Wednesday, July 20, 2005

Huge Riots in Yemen

Twenty dead, hundreds injured, no photos allowed

via email:
We are all worried. Things may get out of control. In my neighborhood and around it today, there was a total loss of control. Nothing held people except that they all view the gov as the enemy. In other areas, things went differently. Demonstrators smashed cars, signs, and glass windows. They ransacked some gov buildings, banks, and other key buildings.

As the sun rises tomorrow, we will know what to
expect.
After 25 years of President Saleh's brutal rule, Yemen is among the most impoverished in the world, illiteracy is near 50%, and unemployment is very high, while the country's elites have become richer and more powerful. They are so powerful, the ruling party this week closed down a lawful political oppositon party by taking over its headquarters and newspaper at gunpoint. But in addition to lacking free speech, civil rights, and an independent judiciary, the Yemeni people also lack food, an educational system, and doctors.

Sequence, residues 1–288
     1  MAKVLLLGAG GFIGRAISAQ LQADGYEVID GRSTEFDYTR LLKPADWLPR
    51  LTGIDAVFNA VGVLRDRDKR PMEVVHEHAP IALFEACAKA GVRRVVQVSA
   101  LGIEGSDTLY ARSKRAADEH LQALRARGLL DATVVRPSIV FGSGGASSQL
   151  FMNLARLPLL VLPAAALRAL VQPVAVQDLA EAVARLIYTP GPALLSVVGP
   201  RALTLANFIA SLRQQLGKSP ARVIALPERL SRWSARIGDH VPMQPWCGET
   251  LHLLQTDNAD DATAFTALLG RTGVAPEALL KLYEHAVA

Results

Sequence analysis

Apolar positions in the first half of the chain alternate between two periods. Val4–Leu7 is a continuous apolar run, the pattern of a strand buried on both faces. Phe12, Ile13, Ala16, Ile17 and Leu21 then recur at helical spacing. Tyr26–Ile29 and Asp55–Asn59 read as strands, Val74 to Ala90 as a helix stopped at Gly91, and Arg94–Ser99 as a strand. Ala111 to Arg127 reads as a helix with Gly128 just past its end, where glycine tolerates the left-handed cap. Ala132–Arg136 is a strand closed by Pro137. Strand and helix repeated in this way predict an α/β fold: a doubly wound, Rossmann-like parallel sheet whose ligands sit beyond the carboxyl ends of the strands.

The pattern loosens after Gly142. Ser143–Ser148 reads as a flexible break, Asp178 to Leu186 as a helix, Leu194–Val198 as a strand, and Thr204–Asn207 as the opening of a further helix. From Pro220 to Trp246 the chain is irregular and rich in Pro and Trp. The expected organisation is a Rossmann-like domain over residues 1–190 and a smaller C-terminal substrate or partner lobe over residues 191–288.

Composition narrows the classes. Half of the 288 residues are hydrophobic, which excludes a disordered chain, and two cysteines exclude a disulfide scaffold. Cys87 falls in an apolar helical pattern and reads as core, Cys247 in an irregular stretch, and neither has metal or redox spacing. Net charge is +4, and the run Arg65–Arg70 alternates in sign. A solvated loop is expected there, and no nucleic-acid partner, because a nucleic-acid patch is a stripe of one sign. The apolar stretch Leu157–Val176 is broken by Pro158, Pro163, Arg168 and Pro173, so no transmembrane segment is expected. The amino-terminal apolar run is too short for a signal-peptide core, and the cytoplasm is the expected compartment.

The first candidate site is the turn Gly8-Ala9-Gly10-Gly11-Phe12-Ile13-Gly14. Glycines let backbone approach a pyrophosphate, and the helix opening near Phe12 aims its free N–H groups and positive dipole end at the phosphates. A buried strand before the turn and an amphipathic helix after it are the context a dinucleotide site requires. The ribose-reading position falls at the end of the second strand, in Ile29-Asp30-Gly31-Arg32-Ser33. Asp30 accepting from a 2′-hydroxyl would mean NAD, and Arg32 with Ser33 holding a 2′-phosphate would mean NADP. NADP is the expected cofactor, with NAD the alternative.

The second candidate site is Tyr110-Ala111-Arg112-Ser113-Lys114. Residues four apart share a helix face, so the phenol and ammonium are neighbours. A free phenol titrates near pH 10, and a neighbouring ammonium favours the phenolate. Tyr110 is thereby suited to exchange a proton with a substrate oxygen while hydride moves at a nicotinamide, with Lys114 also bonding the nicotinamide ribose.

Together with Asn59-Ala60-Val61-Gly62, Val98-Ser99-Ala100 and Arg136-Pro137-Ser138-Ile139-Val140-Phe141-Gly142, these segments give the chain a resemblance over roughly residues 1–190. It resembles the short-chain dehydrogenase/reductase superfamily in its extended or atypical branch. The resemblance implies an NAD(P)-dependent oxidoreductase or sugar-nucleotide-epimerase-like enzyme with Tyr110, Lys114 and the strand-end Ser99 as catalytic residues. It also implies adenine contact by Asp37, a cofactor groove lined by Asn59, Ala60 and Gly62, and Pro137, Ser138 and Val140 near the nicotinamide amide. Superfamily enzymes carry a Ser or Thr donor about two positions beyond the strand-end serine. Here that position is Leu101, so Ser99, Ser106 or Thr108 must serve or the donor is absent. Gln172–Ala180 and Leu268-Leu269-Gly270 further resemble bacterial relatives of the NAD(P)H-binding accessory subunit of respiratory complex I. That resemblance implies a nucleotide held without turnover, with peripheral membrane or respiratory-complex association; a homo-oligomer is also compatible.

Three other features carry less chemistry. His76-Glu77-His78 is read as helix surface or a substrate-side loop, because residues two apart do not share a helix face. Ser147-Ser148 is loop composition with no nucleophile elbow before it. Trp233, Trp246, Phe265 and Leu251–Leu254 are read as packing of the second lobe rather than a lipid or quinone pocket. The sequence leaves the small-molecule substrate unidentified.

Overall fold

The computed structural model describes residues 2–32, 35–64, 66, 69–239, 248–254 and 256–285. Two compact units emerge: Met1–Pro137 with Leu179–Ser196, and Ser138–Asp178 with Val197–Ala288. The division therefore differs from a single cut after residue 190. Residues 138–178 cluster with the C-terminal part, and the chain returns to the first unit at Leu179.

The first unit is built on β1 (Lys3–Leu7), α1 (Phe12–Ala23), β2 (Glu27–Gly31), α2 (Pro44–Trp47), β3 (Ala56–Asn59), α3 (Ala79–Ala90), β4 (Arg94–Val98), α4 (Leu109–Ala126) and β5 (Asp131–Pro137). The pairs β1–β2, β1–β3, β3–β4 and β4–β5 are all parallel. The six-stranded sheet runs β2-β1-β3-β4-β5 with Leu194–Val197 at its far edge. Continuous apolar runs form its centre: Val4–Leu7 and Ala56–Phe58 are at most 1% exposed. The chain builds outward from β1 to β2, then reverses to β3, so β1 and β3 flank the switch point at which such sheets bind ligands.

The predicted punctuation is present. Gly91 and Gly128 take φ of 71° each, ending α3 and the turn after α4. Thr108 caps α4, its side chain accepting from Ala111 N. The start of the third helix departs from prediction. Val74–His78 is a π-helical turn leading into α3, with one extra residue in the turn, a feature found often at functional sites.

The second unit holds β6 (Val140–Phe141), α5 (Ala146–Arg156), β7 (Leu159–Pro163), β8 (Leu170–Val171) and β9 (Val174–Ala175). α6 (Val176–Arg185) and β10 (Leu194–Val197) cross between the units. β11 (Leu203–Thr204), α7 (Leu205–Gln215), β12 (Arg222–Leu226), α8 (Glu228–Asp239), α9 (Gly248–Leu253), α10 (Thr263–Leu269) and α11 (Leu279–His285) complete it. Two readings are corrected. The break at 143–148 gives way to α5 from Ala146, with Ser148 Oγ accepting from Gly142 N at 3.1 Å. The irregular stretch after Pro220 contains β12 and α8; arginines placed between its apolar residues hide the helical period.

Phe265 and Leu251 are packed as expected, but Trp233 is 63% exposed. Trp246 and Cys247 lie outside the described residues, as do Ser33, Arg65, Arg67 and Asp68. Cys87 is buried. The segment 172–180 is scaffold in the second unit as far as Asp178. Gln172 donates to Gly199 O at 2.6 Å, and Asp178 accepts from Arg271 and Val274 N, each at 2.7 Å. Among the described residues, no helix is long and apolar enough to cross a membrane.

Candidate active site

Saleh is reputedly worth 20 billion. Economic reforms repealing goverment subsidies on commodity items were instituted yesterday, the impact of which will be felt most keenly by the poor who are barely sustaining themselves now. The massive governmental corruption, noted as among the pervasive in the world, has not been addressed. So again the Yemeni people pay the price for the privileged postions of those in power. This time they're protesting.

via: the Yemen Times:
Observers expect massive rallies across the country after the death of at least 15 civilians in violent demonstrations mainly in the cities Sanaa, Dhamar and Dhale’ ....Demonstrators shouted slogans attacking Bagammal and the ruling party of President Ali Abdullah Saleh.

Police, using tear gas and water cannon to control the crowds, blocked off the house of Vice President Abd-Rabbu Hadi where protesters converged.
Much more at Yemen Central, a/k/a Armies of Liberation.